SINGAPORE: The number of consumers using their mobile phone to access social networking websites in Asia Pacific is continuing to rise, new figures published by IDC, the research firm, show.
IDC conducted a poll of 1,400 adults in the region, and found that over 50% of mobile owners in China, India, South Korea and Thailand have used this device to log on to portals like Facebook, Friendster and Hi5.
More specifically, this figure reached a high of 65% in Thailand and 62% in China, where more than 120 million people are estimated to belong to these types of Web 2.0 services, the China Internet Network Information Center has reported.
The main activities of this group on their phones include uploading photos, updating their status and profile pages, as well as reading and replying to messages, and finding out the latest news.
One key driver of this trend, IDC argued, was the fact more people in China, India and Thailand own wireless handsets than computers.
By contrast, the popularity of this activity in Korea results from the "technologically advanced" nature of the country, meaning "mass adoption of mobile internet" has occurred more quickly than elsewhere.
"Mobile phones and mobile internet hold the promise of changing the SNS landscape in the Asia Pacific region," said Debbie Swee, an analyst at the company.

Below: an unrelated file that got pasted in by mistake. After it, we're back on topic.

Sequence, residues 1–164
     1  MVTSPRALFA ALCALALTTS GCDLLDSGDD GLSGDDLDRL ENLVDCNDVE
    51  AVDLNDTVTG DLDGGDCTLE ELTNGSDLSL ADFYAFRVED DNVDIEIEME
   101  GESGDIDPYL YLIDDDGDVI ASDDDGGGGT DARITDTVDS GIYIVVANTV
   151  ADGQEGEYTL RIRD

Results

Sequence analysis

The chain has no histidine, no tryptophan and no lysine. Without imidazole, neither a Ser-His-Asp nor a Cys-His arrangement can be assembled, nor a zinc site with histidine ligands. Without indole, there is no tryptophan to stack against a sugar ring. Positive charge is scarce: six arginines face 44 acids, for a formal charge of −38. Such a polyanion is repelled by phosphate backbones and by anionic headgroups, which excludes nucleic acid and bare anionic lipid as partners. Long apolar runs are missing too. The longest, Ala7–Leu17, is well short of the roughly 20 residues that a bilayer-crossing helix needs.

"Particularly in markets where PC penetration is relatively low, mobile phones have the potential to eventually overtake the PC as a preferred way of accessing SNSs," she added.
At the other end of the spectrum, just 19% of Australian mobile users visit social networks using this platform at least once a week, a total that climbed to 25% in Singapore.
Swee suggested the high level of PC ownership in these nations has produced a "strong inertia against adopting regular mobile access of SNSs."
Across the region, people who had not utilised social networks via their cellphone said the charge they would incur from their service provider was the main barrier stopping them from doing so.
In response, IDC recommended that in China, India and Thailand, a cheap, standardised access fee would help further boost user levels.
By contrast, in Australia, Korea and Singapore, where prices are already low, "operators need to correct users' misconceptions of pricey data plans through advertising and other marketing efforts," said Swee.
"Failing to do so could mean that mobile internet applications and services, not just mobile SNSs, will take longer to truly take off," she warned.
Data sourced from WARC